Document Type: Original Article

Authors

1 Department of Emergency Medicine, Jawaharlal Institute of Postgraduate Medical Education and Research, Puducherry, India

2 Department of Preventive and Social Medicine, Jawaharlal Institute of Postgraduate Medical Education and Research, Puducherry, India

Abstract

Objective: Survival-to-discharge rates following in-hospital cardiac arrest (IHCA) patients remain significantly low. The use of initial documented cardiac rhythm as predictor of Survival-to-discharge is still unclear. This study aimed to assess whether the initial documented rhythm can be used as a predictor of survival-to-discharge following IHCA in an emergency department of the tertiary care referral institute, south India. Methods: This observational study was conducted for six months from January to June 2017 among all patients above 12 years, with witnessed cardiac arrest after arrival at the emergency department. After obtaining informed consent from the patients’ caregivers, data of socio-demographic details, previous relevant medical history, initial documented rhythm, neurologic status and survival-to-discharge were collected and analyzed. Results: The mean age of participants was 50 ± 17.15 years. Of the 252 study participants, 77.4% had non-shockable and 22.6% had shockable rhythm as initial documented rhythm. The overall survival-to-discharge rate was 17.5% (n=44) in our study. The overall proportion of participants who survived to discharge after IHCA was higher among participants with shockable rhythm (16/57, 28%) in comparison to participants with non-shockable rhythm (28/195, 14.3%). These differences were found to be statistically significant. Among the patients with shockable rhythm, 61.1% had good cerebral performance. Conclusion: Survival-to-discharge rates after IHCA can be predicted based on the initial documented cardiac rhythm. Early identification of patients with impending cardiac arrest and providing prompt management of patients with cardiac arrest will improve the survival rates significantly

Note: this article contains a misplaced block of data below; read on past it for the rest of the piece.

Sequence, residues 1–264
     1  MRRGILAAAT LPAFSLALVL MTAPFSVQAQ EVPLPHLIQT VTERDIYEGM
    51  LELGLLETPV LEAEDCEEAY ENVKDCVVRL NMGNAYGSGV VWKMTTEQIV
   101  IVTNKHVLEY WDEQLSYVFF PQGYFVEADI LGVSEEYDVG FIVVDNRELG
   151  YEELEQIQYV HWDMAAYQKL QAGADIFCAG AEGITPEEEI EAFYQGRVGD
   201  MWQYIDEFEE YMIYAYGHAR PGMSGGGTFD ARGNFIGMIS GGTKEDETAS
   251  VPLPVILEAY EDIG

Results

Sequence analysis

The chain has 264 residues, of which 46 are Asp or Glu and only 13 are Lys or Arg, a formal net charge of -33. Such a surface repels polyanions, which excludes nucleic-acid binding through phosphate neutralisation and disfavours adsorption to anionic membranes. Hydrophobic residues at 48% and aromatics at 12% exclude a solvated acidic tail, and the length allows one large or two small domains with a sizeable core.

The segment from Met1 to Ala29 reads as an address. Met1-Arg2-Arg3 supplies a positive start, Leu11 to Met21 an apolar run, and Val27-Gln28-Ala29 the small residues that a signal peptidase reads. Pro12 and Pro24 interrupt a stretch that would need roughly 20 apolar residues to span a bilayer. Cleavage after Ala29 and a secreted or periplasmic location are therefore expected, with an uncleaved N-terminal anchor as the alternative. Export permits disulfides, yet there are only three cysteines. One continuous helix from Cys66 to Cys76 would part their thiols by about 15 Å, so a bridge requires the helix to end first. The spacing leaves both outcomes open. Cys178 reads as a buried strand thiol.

Keywords

Main Subjects

1. Ehlenbach WJ, Barnato AE, Curtis JR, Kreuter W, Koepsell TD, Deyo RA, et al. Epidemiologic study of in-hospital cardiopulmonary resuscitation in the elderly. N Engl J Med 2009; 361(1): 22-31. doi: 10.1056/NEJMoa0810245.

2. Deo R, Albert CM. Epidemiology and genetics of sudden cardiac death. Circulation 2012; 125(4): 620-37. doi: 10.1161/circulationaha.111.023838.

3. Sandroni C, Nolan J, Cavallaro F, Antonelli M. In-hospital cardiac arrest: incidence, prognosis and possible measures to improve survival. Intensive Care Med 2007; 33(2): 237- 45. doi: 10.1007/s00134-006-0326-z.

4. Cooper S, Janghorbani M, Cooper G. A decade of inhospital resuscitation: outcomes and prediction of survival? Resuscitation 2006; 68(2): 231-7. doi: 10.1016/j. resuscitation.2005.06.012.

5. Meaney PA, Nadkarni VM, Kern KB, Indik JH, Halperin HR, Berg RA. Rhythms and outcomes of adult in-hospital cardiac arrest. Crit Care Med 2010; 38(1): 101-8. doi: 10.1097/CCM.0b013e3181b43282.

6. Brady WJ, Gurka KK, Mehring B, Peberdy MA, O’Connor RE. In-hospital cardiac arrest: impact of monitoring and witnessed event on patient survival and neurologic status at hospital discharge. Resuscitation 2011; 82(7): 845-52. doi: 10.1016/j.resuscitation.2011.02.028.

7. Girotra S, Nallamothu BK, Spertus JA, Li Y, Krumholz HM, Chan PS. Trends in survival after in-hospital cardiac arrest. N Engl J Med 2012; 367(20): 1912-20. doi: 10.1056/ NEJMoa1109148.

8. Johnson S, Nileshwar A. Initial rhythm and outcome of in-hospital adult cardiac arrest in a tertiary care hospital. Indian Journal of Respiratory Care 2014; 3(1): 421-5.

9. Afshar F. Brain Failure & Resuscitation. J R Soc Med 1982; 75(6): 485.

10. Bayés de Luna A, Coumel P, Leclercq JF. Ambulatory sudden cardiac death: mechanisms of production of fatal arrhythmia on the basis of data from 157 cases. Am Heart J 1989; 117(1): 151-9. doi: 10.1016/0002-8703(89)90670-4. 11. Herlitz J, Bång A, Ekström L, Aune S, Lundström G, Holmberg S, et al. A comparison between patients suffering in-hospital and out-of-hospital cardiac arrest in terms of treatment and outcome. J Intern Med 2000; 248(1): 53-60. doi: 10.1046/j.1365-2796.2000.00702.x.

12. Peberdy MA, Kaye W, Ornato JP, Larkin GL, Nadkarni V, Mancini ME, et al. Cardiopulmonary resuscitation of adults in the hospital: a report of 14720 cardiac arrests from the National Registry of Cardiopulmonary Resuscitation. Resuscitation 2003; 58(3): 297-308. doi: 10.1016/s0300- 9572(03)00215-6.

13. Holmgren C, Bergfeldt L, Edvardsson N, Karlsson T, Lindqvist J, Silfverstolpe J, et al. Analysis of initial rhythm, witnessed status and delay to treatment among survivors of out-of-hospital cardiac arrest in Sweden. Heart 2010; 96(22): 1826-30. doi: 10.1136/hrt.2010.198325.